The odds of a meltdown at the Davis-Besse
nuclear power plant were higher than people were led to believe
prior to the plant’s shutdown last year, the Nuclear Regulatory
Commission said yesterday.
The NRC said the risk posed by the
faulty design of the plant’s original high-pressure injection pumps
is no doubt higher than the agency’s baseline "green" rating for
The agency said it needs more
information from FirstEnergy Nuclear Energy Co. before it can make a
final determination as to the degree of risk.
been idle for 20 months, after management and performance issues
that emerged since the discovery of a near-hole in the plant’s
reactor head in March, 2002.
The rust problem is the worst of
its kind in U.S. nuclear history.
The NRC rates certain
problems on a color-coded scale for safety significance, starting
with green for very low significance. White, yellow, and red colors
are used for moderate to extreme risks, with red being the most
The agency gave FirstEnergy a red finding on Feb.
25 for letting Davis-Besse’s reactor head become so thinned by rust
that it nearly burst and allowed radioactive steam into the
containment building. A replacement head has been
On Wednesday, the NRC formalized its safety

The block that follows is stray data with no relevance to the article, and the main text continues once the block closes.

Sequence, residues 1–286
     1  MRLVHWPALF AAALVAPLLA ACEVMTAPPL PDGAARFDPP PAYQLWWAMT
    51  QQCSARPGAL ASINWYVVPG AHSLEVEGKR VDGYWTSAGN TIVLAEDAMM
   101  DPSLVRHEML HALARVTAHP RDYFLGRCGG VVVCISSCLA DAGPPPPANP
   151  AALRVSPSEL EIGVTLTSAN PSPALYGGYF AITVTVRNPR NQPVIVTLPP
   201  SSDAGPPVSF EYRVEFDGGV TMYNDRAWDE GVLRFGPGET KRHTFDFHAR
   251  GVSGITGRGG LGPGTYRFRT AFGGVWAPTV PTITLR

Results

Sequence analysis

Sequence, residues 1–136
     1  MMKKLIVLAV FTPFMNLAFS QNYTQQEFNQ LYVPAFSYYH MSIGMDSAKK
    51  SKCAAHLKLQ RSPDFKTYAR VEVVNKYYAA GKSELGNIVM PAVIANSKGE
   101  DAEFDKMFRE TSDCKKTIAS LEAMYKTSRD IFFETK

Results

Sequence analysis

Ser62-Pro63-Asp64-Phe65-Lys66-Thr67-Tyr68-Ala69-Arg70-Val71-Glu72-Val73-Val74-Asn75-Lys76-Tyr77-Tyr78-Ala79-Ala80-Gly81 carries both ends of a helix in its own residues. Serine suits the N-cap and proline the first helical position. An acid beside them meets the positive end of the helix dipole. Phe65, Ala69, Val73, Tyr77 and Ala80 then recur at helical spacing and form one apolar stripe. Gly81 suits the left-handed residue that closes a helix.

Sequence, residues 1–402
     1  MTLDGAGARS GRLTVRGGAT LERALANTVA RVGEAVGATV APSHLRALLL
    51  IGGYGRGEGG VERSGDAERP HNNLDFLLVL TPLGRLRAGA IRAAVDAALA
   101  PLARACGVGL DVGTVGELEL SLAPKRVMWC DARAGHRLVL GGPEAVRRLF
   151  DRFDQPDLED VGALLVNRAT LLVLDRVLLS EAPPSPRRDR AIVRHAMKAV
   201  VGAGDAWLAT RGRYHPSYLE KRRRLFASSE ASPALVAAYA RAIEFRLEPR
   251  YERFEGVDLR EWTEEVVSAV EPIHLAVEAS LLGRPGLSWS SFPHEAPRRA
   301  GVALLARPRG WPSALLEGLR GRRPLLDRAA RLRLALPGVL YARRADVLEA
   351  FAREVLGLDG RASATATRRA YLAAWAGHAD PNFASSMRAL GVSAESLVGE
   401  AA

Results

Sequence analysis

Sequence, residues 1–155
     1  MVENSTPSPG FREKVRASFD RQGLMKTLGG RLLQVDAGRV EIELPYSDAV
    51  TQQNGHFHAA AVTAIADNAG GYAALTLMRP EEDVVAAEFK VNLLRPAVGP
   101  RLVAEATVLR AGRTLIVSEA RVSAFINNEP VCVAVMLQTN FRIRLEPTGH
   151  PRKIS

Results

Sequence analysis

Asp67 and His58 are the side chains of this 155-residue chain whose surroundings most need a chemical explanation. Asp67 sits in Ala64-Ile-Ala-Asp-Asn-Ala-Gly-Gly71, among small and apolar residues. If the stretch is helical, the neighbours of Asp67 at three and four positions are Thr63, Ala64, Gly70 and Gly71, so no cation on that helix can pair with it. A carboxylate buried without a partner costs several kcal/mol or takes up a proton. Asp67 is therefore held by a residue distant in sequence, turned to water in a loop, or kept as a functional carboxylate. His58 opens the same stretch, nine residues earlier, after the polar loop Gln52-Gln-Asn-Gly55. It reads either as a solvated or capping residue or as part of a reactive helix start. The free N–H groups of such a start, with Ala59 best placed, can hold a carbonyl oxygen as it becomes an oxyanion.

assessment of Davis-Besse’s containment sump flaw as
Officials have said the only reason the utility did
not get a red finding was because it’s possible the sump would have
worked in accidents that involved only a small loss of
The sump, which has been rebuilt, was prone to
clogging if coolant losses were medium or heavy.
The sump is
designed to work in conjunction with Davis-Besse’s pair of
high-pressure injection pumps if a major accident occurred. Those
pumps would be used to inject coolant water forcibly over the
reactor if the plant lost off-site power.
At some point, the
high-pressure injection pumps likely would be spraying recirculated
sump water, which likely would have bits of debris collected off the
floor. Company officials have found that debris could make the pumps
overheat, vibrate, or otherwise fail. That would render them useless
at a critical time, officials have said.
FirstEnergy is in
the process of testing its plan for rebuilding Davis-Besse’s
high-pressure pumps at an Alabama laboratory. A lab spokesman told
The Blade yesterday preliminary test results are
In addition, Richard Wilkins, a FirstEnergy
spokesman, said the company is pleased by results so far. Rebuilt
pumps have operated in the lab for more than a month without
clogging, Mr. Wilkins said.
Jack Grobe, chairman of the NRC
panel overseeing Davis-Besse restart efforts, said in a letter sent
Wednesday to Lew Myers, FENOC chief operating officer, that
"escalated enforcement action" is being considered as a result of
the agency’s latest finding.
The NRC believes FirstEnergy has
violated a federal regulation by failing to make sure the pump would
have worked years ago, the letter said.
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